Minnesota exports to Europe fell slightly last year, but not enough to dampen prospects for a region that state officials said Thursday remains one of the most promising trade destinations for the state’s companies.
The Minnesota Trade Office brought business representatives from across Europe to downtown Minneapolis to meet with local business leaders and discuss growth opportunities on both sides of the Atlantic.
Last year, Minnesota companies last year sent $4.6 billion in goods to European countries, down 2 percent from 2014 but roughly on pace with rates during the past half-decade or so. Around $27 billion in exports from the state reached Europe over the past five years, according to state figures.
Despite a strong dollar that has bogged down trade for U.S. companies in the past year, and even as the European economy strains against a global slowdown, state officials say prospects for increased transatlantic export activity by Minnesota businesses remain bright.
“We need to celebrate how much bigger and better Europe has become in just the last few decades,” said Steve Riedel, an international trade representative for the state. “It’s pretty clear what a powerful partner the [European Union] especially is to Minnesota. It’s really quite impressive.”
European countries, particularly in the west-central part of the region, have some of the world’s most sought-after markets. Several of them are widely considered to be among the most business-friendly nations.
Plus, wealth across the region provides a cash-flush customer base and the growth opportunities that come with it, said Jake Slegers, the outgoing chairman of the European Council of American Chambers of Commerce, a network of business advocacy groups operating across Europe.
“[Europe] is a critical source of global profits for U.S. firms,” he said, especially when they lay down roots overseas. “U.S. foreign affiliates in Europe have been agents of growth in virtually every industry they operate in.”
Many marquee Minnesota companies already have outposts and customers in Europe. Maplewood-based 3M Co., Little Canada-based St. Jude Medical, and Medtronic, whose operational headquarters is in Fridley, serve as some of the most prominent ambassadors for the state. But there’s room for smaller companies, too.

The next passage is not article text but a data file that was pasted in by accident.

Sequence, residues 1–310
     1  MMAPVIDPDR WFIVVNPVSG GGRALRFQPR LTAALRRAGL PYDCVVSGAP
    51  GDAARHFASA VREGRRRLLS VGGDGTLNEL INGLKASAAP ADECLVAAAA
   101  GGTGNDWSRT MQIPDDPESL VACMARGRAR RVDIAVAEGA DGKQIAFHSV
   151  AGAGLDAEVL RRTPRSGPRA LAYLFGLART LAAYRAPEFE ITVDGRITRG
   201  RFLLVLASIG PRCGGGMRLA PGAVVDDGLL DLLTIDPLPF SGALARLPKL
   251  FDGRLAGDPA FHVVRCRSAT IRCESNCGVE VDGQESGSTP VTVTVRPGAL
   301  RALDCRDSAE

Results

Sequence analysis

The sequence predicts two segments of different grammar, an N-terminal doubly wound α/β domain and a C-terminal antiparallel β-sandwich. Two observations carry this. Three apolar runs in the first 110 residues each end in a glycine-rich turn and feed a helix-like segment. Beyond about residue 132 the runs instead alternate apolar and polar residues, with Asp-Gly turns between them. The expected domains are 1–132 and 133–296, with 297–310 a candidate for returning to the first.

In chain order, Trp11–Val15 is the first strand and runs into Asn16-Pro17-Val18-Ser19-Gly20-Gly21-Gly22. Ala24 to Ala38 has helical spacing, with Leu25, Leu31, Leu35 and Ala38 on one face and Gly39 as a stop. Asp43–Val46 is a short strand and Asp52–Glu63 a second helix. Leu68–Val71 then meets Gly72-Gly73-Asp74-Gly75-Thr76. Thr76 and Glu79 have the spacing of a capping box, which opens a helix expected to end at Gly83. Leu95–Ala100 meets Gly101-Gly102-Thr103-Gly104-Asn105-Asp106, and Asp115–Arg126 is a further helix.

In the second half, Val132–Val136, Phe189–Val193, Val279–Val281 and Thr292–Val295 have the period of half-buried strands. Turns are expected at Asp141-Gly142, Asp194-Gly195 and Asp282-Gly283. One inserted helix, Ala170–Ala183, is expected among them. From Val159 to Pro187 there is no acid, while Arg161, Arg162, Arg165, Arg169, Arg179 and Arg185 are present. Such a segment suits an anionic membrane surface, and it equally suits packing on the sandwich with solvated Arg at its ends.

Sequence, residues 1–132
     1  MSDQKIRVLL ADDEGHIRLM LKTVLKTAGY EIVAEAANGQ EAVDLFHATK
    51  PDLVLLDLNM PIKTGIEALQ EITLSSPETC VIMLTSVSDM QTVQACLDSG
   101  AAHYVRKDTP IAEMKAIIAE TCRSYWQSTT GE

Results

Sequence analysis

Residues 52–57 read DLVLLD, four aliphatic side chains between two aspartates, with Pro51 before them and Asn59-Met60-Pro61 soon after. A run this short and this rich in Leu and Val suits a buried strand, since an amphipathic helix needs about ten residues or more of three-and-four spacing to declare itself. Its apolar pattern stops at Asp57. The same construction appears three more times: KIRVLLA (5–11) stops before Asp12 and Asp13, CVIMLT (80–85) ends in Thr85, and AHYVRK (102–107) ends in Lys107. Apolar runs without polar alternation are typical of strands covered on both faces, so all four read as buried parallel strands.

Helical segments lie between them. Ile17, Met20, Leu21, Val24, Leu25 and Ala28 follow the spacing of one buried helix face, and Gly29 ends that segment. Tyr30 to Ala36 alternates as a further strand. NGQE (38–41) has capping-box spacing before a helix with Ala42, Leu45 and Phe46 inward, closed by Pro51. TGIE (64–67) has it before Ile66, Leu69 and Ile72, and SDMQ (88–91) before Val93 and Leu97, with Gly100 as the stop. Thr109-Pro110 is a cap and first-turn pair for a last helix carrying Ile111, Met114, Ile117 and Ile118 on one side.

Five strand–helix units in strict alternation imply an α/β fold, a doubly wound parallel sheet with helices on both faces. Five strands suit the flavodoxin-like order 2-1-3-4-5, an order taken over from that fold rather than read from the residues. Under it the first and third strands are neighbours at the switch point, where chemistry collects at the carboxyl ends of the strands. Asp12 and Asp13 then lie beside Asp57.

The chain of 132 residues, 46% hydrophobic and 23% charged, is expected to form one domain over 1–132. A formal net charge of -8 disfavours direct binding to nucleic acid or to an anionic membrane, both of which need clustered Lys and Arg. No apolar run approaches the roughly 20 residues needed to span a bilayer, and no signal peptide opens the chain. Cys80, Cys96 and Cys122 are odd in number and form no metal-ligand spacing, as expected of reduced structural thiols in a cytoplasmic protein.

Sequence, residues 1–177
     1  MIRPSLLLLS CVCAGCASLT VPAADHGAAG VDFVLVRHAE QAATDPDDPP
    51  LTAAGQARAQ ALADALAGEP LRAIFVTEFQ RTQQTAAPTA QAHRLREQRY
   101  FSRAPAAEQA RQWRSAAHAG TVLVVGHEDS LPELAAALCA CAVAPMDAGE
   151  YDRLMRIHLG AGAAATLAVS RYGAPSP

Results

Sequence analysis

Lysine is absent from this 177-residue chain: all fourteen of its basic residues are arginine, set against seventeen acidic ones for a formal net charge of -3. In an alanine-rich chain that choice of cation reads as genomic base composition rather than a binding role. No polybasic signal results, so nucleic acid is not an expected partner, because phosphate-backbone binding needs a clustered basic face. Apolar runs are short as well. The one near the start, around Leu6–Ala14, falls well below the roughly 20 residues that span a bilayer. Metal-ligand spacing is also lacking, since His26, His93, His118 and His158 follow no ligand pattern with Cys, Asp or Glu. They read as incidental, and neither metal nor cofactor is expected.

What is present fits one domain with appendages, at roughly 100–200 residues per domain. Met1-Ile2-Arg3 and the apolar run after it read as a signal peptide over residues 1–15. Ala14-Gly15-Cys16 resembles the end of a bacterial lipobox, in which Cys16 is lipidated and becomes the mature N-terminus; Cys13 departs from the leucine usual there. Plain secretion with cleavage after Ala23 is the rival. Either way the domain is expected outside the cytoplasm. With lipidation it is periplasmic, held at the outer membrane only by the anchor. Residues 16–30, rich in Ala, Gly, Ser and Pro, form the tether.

Minneapolis-based software and consulting firm MentorMate, founded in 2001 by Swedish immigrant Bjorn Stansvik, is anchored in the Midwest but has gradually expanded its operations into four Bulgarian cities. It has also picked up clients in the United Kingdom, France, Spain and Sweden.
The company now has about 400 employees across the globe, but it still doesn’t have the cachet of a massive multinational. Stansvik said overseas growth comes down to a scrappy approach to building connections and generating interest.
“It would be easier to just ride over to Illinois and get another client there. We can grow plenty in the U.S.,” he said.
But Europe carries extra upside, even if penetrating that marketplace requires more work. By leveraging its expertise in navigating the U.S. market, MentorMate can generate a bigger payoff with customers elsewhere, Stansvik said.
“In Sweden, we can punch a bit above our weight,” he said.
To help companies – especially small and mid-sized outfits – set up shop overseas, the Minnesota Trade Office in 2013 set up an office in Dusseldorf, Germany. The country is the state’s top export market in Europe, and one of its largest foreign investors.
In addition to propelling more local goods into European markets, the office has primed other investments. Riedel declined to give details, but said a “significant transportation machinery manufacturing company” from Germany is now likely to set up shop in Minnesota.
K. John Pournoor, who works in international government affairs and markets for 3M, recognized his company as a high-profile success story in Europe. But he said suppliers of all sizes, and from a range of industries, have a platform for growth.
Several of the highest-demand markets in Europe, as determined by the federal government, align with Minnesota’s strongest industries. European buyers want medical technology and machinery – two strongholds in the state’s manufacturing sector – plus telecom equipment and energy products.
In addition, infrastructure upgrades in high demand in several European countries offer a gateway for Minnesota outfits – companies that produce components for rail systems and roadways, for example – to cash in, Pournoor said.
Renewable energy and water quality are also in focus in Europe, where solar farms dot the southern part of the region and wind farms sit to the north. Aggressive energy investment and renewables goals in Europe’s most developed countries underscore real demand for the equipment, components and technology to achieve them.
“In Europe, it is not a novelty,” Pournoor said. “It’s a strategic part of what Europeans are investing in.”
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